On our first evening, we liked getting disoriented down the winding streets.
We discovered narrow alleyways.
And secret courtyards.
It was easy to distance ourselves from the more popular areas.
Given that city center could feel quite hectic.
That being said, we there's a great ice cream truck selling Tony Chocolonely Caramel Sea Salt gelato around the Dom Tower. The chocolate has a cult following around Amsterdam, and turns out makes great gelato as well.
The Dom Tower itself is the symbol of Utrecht, and the tallest church tower in The Netherlands. It's precise location is where the city was founded nearly 2,000 years ago.
Due to a lack of funding, the cathedral was never finished. The incomplete nave collapsed in 1674, and the Dom Tower remains free-standing today.
To escape the heat, we ventured outside of the city by bike.
The most famous castle in the area is the Castle De Haar. It's dubbed the largest and most opulent castle in the country. However, it was built in the early 20th century. Coming from the States, we're quite familiar with architecture from that era. A couple of years ago, Will and I visited the Biltmore Estate in Asheville, North Carolina. It's the largest privately owned house in the U.S., constructed at the turn of the century by the Vanderbilt family. Long way of saying, we were more interested in seeing something uniquely European.
Our airbnb host suggested Slot Zuylen.
It's not the grandest castle, but it was built in the 13th century.
Certainly a structure not found Stateside.
A guided tour, the only way to see inside of the castle, was 24 Euros for us both.
Beforehand, we stopped at their farm stand to supplement the picnic we packed. All of the produce was grown in the family garden.
I found the grounds to be gorgeous.
We rode our bikes around the corner to find a lunch spot.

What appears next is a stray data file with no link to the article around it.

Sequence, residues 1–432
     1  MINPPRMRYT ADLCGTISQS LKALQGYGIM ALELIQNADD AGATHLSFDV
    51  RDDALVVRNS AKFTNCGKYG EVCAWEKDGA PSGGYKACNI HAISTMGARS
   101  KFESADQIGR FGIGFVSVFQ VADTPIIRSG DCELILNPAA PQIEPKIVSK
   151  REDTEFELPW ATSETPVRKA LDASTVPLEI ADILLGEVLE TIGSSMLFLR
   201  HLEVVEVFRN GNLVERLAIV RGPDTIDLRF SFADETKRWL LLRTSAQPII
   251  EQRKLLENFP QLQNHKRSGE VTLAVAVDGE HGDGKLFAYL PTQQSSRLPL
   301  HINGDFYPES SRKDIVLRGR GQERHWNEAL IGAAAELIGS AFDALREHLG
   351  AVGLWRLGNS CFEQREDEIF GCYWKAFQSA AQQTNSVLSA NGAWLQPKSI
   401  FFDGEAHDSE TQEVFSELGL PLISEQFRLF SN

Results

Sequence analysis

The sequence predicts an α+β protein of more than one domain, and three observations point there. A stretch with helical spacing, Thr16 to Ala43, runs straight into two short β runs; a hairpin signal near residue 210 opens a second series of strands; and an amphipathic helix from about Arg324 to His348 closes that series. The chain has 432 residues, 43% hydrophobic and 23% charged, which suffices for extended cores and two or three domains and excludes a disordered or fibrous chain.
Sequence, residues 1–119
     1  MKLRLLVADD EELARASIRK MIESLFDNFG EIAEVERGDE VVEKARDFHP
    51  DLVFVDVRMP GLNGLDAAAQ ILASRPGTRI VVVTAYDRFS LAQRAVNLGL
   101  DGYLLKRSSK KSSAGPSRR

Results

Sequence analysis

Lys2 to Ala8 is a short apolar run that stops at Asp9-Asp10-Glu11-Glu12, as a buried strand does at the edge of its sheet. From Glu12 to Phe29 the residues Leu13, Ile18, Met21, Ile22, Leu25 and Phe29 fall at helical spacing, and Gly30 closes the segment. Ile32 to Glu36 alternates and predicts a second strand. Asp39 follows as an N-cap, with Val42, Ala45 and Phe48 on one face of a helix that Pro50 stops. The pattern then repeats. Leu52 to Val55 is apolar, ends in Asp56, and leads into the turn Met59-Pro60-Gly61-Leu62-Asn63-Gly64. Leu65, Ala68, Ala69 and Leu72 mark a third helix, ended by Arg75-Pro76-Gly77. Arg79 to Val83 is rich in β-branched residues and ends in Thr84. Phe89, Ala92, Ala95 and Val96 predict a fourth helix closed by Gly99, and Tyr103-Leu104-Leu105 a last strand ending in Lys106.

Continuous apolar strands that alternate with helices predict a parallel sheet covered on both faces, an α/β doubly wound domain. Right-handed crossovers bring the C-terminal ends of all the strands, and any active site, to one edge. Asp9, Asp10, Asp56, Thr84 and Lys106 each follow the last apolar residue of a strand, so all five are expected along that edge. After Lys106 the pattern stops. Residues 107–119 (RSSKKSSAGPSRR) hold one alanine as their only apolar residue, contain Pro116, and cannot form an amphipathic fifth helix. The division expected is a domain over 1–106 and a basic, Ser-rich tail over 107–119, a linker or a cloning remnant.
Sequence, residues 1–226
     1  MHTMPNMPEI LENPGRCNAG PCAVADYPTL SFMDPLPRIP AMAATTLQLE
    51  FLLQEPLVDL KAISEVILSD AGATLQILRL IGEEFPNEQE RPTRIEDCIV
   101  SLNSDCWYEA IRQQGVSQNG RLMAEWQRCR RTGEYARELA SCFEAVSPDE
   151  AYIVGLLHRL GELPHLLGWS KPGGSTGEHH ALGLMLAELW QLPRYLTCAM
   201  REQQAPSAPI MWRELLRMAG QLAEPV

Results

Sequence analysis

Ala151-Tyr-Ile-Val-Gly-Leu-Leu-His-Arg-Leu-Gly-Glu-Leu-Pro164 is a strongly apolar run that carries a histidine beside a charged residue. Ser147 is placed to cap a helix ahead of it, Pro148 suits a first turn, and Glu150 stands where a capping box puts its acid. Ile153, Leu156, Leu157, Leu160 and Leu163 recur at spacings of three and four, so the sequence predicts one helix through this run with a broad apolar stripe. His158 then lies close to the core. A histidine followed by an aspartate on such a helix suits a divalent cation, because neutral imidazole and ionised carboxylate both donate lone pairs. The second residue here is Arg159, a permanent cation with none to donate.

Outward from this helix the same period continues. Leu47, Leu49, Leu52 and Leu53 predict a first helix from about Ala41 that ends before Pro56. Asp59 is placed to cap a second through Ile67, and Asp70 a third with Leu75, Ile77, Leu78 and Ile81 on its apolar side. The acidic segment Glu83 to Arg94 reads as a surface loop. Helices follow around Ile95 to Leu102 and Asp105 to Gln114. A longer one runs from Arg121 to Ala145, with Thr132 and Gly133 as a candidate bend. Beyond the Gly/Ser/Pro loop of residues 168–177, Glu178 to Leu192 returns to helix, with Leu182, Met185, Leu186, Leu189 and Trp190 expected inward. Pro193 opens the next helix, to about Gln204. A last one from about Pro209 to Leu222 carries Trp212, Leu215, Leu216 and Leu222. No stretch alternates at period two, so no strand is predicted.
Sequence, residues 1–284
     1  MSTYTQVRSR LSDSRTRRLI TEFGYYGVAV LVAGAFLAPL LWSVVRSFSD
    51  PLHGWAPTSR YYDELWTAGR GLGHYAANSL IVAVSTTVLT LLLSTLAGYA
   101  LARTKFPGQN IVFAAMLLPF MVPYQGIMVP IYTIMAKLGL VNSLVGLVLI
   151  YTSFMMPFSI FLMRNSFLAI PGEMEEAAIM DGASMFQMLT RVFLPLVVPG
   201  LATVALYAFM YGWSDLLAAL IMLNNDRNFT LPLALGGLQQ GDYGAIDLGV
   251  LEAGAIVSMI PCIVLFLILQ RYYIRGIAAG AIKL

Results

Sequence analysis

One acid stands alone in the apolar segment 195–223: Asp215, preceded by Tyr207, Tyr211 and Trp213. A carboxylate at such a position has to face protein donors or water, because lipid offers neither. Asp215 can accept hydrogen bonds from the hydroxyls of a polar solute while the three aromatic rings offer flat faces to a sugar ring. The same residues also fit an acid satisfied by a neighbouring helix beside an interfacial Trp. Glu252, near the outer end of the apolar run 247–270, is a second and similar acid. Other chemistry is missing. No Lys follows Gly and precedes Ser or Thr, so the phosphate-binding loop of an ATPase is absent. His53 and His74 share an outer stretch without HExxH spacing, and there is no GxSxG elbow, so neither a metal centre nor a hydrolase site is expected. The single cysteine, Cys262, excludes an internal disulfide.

The castle is located in the small village of Oud-Zuilen, about three miles northwest of Utrecht.
We found a bench nearby to enjoy our baguettes and of course, aged gouda. The fruit is so sweet!
When we went back for our scheduled tour, we were informed that we were the only ones. And so, we got a private tour of the castle.
Slot Zuylen was originally built by lord van Suilen Anholt as a tower on top of the motte.
It was destroyed during the Hook and Cod wars in 1422 and rebuilt in 1510.
Perhaps most impressive was the tapestry that covered every wall of the ballroom.
Needless to say, we were impressed. Once we exited the stone castle, reality hit. It was oppressively hot.
We dreamed about our shaded picnic spot, so we biked right back.
The covered gazebo was available, and we snatched it. The village itself is tiny, with only about 200 inhabitants.
Hours passed, and people stopped by with their dogs to chat, dive into the canal. Boats would dock to wait out the draw bridge.
We re-upped our supplies, read, wrote, played cards. It was such an oasis.
By this point, it was after 8 p.m. when the wind started to pick up. We couldn't believe our luck, finally some reprieve! But then I faintly heard thunder. Will checked his phone, and confirmed that a downpour was imminent. It got dark quick, and started to smell of rain. We packed up and raced back. It was so breezy and I was peddling as fast as my, too big for me, bike would go. In hindsight, it's one of my favorite memories. I love the moments right before a rainstorm.
On our final day in Utrecht we went to Wilhelminapark. I'd say shade was the key takeaway during our stay.
When visiting Amsterdam, one of our biggest recommendations is to get out of Amsterdam.
We didn't go far. Besides a train to Utrecht, the rest was explorable by bike. But we found The Netherlands we did see to be stunning. The seemingly endless parks defined our time there. The beauty is unparalleled.